IT’S FINALLY OVER – I’m referring to the national canvass, of course. Can we stop now as well? I mean the deliberate, consistent pumping of the enmity that divides us. Can we have an end of this please?
I am writing from a place of pain, you see. This election season has been the most vitriolic I’ve ever experienced. But more than the slander that erupted daily on my newsfeed, I was grieved by stealthier demons.
As a Christian and a teacher of scripture and church history, I held to biblical standards in my choice of candidates. This is why I had a very narrow field. Were it not for Leni Robredo, I probably would not have voted at all. I preferred to abstain than to endorse someone my conscience could not abide.
Serious Christians hold a high view of scripture and are usually guided by its light. This is why I was severely disillusioned to learn that several of my friends – pastors, academicians, full-time ministers, church layleaders – voted along merely regional or partisan lines. Or if not, they voted for the self-styled new messiah who promised miracle solutions in the flash of an eye.
These are folks who in their private lives are so conservative that they would be aghast at hearing a cuss word. Yet these elections had them supporting the irreverent, the despotic, the criminal, the false.
I cannot see how any hope of progress might justify this. I am not applying our Christian standards to those of other persuasions, but for us, scripture is clear and it is binding. How can we stand before our God and explain this? I do not know. We are called to be salt and light, to be countercultural and, by our imitation of Christ’s example, to effectively transform culture one person at a time. I would have thought this was clear to those among us desperately seeking change. But it was not.
As a “martial law baby” I witnessed the debacle of the nation. That I survived the dictatorship is a blessing; many others did not. I know what I saw and endured, and I expect it to be accepted because it is part of our historical record. This is axiomatic.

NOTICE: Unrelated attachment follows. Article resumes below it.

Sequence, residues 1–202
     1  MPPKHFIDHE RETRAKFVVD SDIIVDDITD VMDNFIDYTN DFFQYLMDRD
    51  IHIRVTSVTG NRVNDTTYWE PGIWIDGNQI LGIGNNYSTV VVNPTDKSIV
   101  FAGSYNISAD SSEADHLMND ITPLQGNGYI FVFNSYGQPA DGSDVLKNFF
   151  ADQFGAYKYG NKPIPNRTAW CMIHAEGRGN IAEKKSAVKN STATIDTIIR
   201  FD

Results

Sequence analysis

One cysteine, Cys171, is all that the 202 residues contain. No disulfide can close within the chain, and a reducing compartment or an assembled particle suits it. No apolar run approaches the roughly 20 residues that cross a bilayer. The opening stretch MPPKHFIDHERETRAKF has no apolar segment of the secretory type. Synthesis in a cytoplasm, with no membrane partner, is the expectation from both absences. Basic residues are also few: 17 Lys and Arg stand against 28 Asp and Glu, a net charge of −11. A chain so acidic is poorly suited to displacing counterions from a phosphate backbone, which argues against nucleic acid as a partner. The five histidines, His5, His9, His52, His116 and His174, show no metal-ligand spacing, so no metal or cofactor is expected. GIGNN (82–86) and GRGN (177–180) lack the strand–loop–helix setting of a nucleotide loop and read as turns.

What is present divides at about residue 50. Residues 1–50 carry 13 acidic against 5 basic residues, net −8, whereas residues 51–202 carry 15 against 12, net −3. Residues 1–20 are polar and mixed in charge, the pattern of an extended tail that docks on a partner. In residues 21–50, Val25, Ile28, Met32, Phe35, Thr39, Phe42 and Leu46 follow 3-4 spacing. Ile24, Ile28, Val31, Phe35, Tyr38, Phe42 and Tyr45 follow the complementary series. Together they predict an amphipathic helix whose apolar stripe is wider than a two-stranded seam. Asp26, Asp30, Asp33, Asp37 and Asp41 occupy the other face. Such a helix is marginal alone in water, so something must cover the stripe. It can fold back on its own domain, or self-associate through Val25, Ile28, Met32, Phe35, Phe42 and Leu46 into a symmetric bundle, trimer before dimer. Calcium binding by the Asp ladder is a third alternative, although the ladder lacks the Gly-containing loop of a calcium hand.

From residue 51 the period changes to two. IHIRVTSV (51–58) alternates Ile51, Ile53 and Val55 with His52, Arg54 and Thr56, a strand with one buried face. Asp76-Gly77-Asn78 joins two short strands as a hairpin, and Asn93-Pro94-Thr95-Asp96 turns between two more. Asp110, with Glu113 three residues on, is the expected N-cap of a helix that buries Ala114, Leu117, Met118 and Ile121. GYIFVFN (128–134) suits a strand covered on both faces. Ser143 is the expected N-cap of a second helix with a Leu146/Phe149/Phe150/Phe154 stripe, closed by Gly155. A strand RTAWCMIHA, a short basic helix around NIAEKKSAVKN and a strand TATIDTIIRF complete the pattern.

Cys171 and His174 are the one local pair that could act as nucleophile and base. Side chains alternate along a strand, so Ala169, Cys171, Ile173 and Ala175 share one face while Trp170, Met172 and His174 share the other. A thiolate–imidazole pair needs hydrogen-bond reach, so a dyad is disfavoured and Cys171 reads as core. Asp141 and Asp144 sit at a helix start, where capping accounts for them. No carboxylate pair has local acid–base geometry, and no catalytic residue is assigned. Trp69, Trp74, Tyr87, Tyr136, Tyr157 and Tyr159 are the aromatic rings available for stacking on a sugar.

Instead, I have lived to see my own past reduced to a footnote and at times trivialized, at times negated; my testimony and that of others, nullified, as if our experience does not matter. The historical gunk that fills social media today is based on no more than the imagination of modern propagandists, no doubt funded by the same nefarious family that injured my generation.
My contemporaries and I matured early because we experienced constraints millennials cannot even imagine. And yet when we tell the youth “never again!”, they pooh-pooh us. They sarcastically label us “bitter” and lecture us on coping. They tell us to forgive and forget. They say, “move on.”
I could probably do that if I felt they truly understood and were prepared to acknowledge the facts. And yet, many of them are readier to swallow the falsehoods ladled out by Marcos revisionists. How disappointing.
When I was a youth, it hurt to have no voice; now that I have one, it hurts more intensely to be dismissed. I fought then to be heard; I am fighting now to be believed.
Scripture reveals that earthly authority emanates from God, and so I must respect His sovereign choice. I don’t pretend to like it but I will submit to His will in these elections. Scripture also says that when God acts, it is always for good. I believe that, and so I’ll wait for His purpose to unfold. There is more to this than I can possibly know.
I admit, though, I can’t see any good in burying Marcos in the Libingan ng mga Bayani. I heard Mayor Duterte’s reason for it – he was candid enough to admit that Marcos is no hero. But to say that he deserves a plot merely because “he was a Filipino soldier” disrespects those legitimately interred there and insults those who died at Marcos’s command. They were heroes.
Duterte says this move will unite and heal the country. I doubt it. You cannot treat a gaping wound with a band aid. And giving Marcos a hero’s burial to satisfy the loyalists without addressing the issues of injustice and plunder that remain after 30 years, that is a band aid. It is a disgusting remedy.
So far, as I see it, the change being offered is merely a return to the past: pardon the guilty and sanitize them, disregard cries for justice, employ strongman rule to end criminality and corruption, promise orange-colored skies. This is what I grew up with. Perhaps for the millennials this is change. For me it is nothing new. In fact, it is very old.
What I fought for on the streets when I was their age, facing tear gas and water cannons and possible arrest, this hardly matters now because the young people want change.
I want to cry out and make people listen, but I know the more I do the less they will hear. So I will be quiet for a while and deal with this pain. God’s in heaven and there’s hope. I will trust Him.
He said, “Go and tell this people:
“`Be ever hearing, but never understanding;
be ever seeing, but never perceiving.’
Make the heart of this people calloused;
make their ears dull
and close their eyes.
Otherwise they might see with their eyes,
hear with their ears,
understand with their hearts,
and turn and be healed.”
– Isaiah 6:9-10